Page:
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'Affluenza' Teen's Disappearance Not Surprising, Says Father of Victim

'I don't think there's been any accountability for Ethan,' said Kevin McConnell. 'I think he was never taught that actions have consequences.'
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The father of a child injured when "affluenza" teen Ethan Couch drunkenly crashed an SUV in Texas more than three years ago said he's not surprised the infamous teen has disappeared.

"I don't think there's been any accountability for Ethan," said Kevin McConnell, whose then-12-year-old son, Lucas, was injured in the Fort Worth drunken driving crash. "I think he was never taught that actions have consequences other than the easiest way out," McConnell told NBC News.

Couch gained attention when he was sentenced to 10 years' probation for the crash, which left four people dead and nine others injured, after his defense team argued that he suffered from affluenza — a purported condition that refers to an upbringing so privileged that a person can't distinguish right from wrong.

"Affluenza," however, is not recognized by the American Psychiatric Association as an official diagnosis.

The now-18-year-old went missing on Tuesday with his mother and has been placed on Tarrant County's most wanted list as local officials, U.S. marshals and the FBI search desperately for him.

"At this point, I feel like there's no exit strategy for Ethan doing it this way. This can only lead to a path of destruction," said McConnell.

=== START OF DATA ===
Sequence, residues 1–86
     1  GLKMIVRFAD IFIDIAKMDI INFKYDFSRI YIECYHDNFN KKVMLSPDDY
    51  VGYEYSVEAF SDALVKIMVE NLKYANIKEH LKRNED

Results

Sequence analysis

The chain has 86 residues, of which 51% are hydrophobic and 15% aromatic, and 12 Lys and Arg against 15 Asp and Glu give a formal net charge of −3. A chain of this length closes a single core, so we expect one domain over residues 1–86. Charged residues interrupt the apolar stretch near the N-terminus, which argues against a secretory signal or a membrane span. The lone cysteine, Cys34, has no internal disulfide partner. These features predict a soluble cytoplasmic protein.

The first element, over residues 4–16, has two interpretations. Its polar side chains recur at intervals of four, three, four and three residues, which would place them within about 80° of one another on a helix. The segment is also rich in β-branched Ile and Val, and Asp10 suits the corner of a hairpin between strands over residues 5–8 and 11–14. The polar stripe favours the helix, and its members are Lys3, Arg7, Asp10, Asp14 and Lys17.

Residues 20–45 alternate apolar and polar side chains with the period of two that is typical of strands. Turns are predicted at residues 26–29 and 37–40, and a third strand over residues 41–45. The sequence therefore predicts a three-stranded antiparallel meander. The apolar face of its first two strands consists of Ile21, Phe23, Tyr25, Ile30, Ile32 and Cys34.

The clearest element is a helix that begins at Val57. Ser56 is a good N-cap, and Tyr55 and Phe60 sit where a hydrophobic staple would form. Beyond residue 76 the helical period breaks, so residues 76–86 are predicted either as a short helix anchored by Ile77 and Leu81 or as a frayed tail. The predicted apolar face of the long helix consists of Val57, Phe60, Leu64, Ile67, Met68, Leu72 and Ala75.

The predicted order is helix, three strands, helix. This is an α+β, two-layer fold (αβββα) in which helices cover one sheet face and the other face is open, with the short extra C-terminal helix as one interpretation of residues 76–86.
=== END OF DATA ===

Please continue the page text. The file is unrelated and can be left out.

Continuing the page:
The father said the resurfacing of attention on Couch's case over the past few days has "drastically affected my family."

"It's brought out emotions that we shouldn't have to be dealing with," he said.

Lucas McConnell suffered minor injuries to his back and head in the crash, but he witnessed his family friend lying dead on the side of the road, according to NBC Dallas-Fort Worth.

McConnell said he has forgiven Couch, but he hopes that the teen will face "swift and certain and severe punishment."

"And I think that punishment and correction might save his life, might turn him around," McConnell said, urging Couch's father, Fred, to do everything he can to bring his son back. The U.S. Marshals Service told NBC News that Fred Couch has cooperated and has talked to investigators.

If Couch is caught, he could face up to 10 years in prison, and if his mother helped him disappear, she could also face charges.